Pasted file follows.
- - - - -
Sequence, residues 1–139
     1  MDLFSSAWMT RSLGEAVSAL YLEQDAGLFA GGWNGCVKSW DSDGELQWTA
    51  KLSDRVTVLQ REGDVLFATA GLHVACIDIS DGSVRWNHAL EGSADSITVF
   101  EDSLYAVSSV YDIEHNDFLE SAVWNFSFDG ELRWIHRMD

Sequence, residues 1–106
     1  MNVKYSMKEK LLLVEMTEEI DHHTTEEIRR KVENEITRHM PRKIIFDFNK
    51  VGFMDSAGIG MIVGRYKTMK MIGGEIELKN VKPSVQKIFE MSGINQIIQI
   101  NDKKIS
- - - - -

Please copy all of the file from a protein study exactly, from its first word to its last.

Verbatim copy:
Sequence, residues 1–139
     1  MDLFSSAWMT RSLGEAVSAL YLEQDAGLFA GGWNGCVKSW DSDGELQWTA
    51  KLSDRVTVLQ REGDVLFATA GLHVACIDIS DGSVRWNHAL EGSADSITVF
   101  EDSLYAVSSV YDIEHNDFLE SAVWNFSFDG ELRWIHRMD

Sequence, residues 1–106
     1  MNVKYSMKEK LLLVEMTEEI DHHTTEEIRR KVENEITRHM PRKIIFDFNK
    51  VGFMDSAGIG MIVGRYKTMK MIGGEIELKN VKPSVQKIFE MSGINQIIQI
   101  NDKKIS